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Shorea johorensis - Foxw.

Common Name Seraya majau, Meranti majau
Family Dipterocarpaceae
USDA hardiness 10-12
Known Hazards None known
Habitats An emergent tree in undisturbed mixed dipterocarp forests at elevations up to 300 metres. Usually found on riversides with clayey to sandy soils[653 ].
Range Southeast Asia - Malaysia, Brunei, Indonesia.
Edibility Rating    (0 of 5)
Other Uses    (4 of 5)
Weed Potential No
Medicinal Rating    (0 of 5)
Care (info)
Tender Moist Soil Full sun
Shorea johorensis Seraya majau, Meranti majau


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Shorea johorensis Seraya majau, Meranti majau
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Summary

Shorea johorensis is a large tree about 65m tall with a hemispherical crown and straight, cylindrical, buttressed bole that can be up to 160 cm in diameter. It can be found in Southeast Asia particularly in Malaysia, Brunei, and Indonesia. There are no known edible and medicinal uses of this plant but it is a source of dammar resin, a hard resin, which can be used for caulking boats and baskets, as an adhesive, fuel for torches, etc. Shorea johorensis is more valued as timber. Its wood is light, soft, moderately durable, resistant to dry wood borers and fungi but susceptible to termites. It works well with tools and fairly finishes well. It is used for panelling, joinery, light carpentry, boxes and crates, veneer, and many other purposes.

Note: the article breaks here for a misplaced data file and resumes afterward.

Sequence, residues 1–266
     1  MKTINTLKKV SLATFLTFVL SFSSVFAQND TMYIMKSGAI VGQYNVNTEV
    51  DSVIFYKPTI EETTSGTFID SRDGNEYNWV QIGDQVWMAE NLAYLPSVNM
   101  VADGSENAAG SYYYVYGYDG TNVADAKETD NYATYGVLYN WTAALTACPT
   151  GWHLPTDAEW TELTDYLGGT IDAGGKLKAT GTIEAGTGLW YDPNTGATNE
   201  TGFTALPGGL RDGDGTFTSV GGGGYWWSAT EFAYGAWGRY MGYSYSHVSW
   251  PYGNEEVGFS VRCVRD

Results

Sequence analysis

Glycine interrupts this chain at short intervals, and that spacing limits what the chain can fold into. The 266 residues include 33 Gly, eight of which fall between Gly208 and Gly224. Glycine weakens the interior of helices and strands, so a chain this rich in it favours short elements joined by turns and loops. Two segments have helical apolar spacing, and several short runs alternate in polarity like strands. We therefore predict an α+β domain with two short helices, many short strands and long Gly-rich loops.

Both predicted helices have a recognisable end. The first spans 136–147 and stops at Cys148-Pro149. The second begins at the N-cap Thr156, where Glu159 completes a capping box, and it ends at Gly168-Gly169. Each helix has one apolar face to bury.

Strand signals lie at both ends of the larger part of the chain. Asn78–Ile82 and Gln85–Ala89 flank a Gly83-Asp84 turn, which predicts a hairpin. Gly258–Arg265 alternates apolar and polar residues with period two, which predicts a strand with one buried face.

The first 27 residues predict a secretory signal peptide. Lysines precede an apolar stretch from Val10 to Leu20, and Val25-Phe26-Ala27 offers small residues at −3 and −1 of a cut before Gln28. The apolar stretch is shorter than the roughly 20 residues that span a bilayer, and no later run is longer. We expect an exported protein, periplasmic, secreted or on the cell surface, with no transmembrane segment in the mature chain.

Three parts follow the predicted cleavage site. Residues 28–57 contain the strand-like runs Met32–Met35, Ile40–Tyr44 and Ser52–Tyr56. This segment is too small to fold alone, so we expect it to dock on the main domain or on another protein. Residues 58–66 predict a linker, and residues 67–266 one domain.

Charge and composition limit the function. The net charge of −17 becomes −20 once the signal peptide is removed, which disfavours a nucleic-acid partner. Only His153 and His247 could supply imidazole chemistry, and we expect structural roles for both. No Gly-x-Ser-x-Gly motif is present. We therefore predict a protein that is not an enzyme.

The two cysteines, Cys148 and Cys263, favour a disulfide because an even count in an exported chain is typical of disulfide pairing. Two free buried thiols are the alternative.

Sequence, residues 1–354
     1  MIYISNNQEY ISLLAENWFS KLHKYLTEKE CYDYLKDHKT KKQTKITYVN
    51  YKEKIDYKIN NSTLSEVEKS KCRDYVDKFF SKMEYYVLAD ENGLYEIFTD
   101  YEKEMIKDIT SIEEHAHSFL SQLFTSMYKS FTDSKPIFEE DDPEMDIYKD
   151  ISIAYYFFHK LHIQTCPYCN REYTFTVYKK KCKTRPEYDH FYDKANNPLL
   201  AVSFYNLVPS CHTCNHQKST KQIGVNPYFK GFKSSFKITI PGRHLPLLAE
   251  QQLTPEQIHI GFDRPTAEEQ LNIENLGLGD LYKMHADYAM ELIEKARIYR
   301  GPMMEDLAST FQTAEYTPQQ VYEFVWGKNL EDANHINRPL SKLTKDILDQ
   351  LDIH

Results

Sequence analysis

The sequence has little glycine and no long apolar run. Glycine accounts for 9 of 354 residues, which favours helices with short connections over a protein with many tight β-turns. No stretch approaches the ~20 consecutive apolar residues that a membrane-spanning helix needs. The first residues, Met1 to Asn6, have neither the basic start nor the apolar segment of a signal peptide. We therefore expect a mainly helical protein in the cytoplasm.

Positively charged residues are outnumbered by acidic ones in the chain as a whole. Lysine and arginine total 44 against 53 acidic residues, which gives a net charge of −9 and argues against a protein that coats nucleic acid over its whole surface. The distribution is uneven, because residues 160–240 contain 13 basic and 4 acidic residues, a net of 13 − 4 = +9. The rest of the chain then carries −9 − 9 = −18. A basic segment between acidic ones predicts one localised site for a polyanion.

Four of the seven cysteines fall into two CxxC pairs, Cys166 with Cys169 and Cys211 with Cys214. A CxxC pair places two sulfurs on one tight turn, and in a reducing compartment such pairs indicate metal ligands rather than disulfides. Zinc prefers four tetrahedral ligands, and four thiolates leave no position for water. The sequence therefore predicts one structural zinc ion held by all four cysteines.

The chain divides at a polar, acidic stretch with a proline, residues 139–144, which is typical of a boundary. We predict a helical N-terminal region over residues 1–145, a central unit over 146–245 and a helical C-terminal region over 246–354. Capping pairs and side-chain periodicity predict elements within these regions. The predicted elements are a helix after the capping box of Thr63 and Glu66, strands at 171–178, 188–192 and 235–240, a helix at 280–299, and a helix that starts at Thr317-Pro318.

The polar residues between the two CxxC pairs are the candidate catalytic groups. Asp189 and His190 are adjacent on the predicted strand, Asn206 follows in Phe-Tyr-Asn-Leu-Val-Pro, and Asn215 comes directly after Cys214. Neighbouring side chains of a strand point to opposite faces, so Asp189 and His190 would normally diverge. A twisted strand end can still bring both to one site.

Physical Characteristics

 icon of manicon of cone
Shorea johorensis is an evergreen Tree growing to 50 m (164ft) by 30 m (98ft) at a medium rate.
See above for USDA hardiness. It is hardy to UK zone 10.
Suitable for: light (sandy), medium (loamy) and heavy (clay) soils and prefers well-drained soil. Suitable pH: mildly acid, neutral and basic (mildly alkaline) soils. It cannot grow in the shade. It prefers moist soil.

UK Hardiness Map US Hardiness Map

Synonyms

Shorea leptoclados Symington

Habitats

Edible Uses

None known

References   More on Edible Uses

Medicinal Uses

Plants For A Future can not take any responsibility for any adverse effects from the use of plants. Always seek advice from a professional before using a plant medicinally.


None known

References   More on Medicinal Uses

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Other Uses

Adhesive  Ink  Lighting  Paint  Resin  Soap making  Varnish  Waterproofing  Wood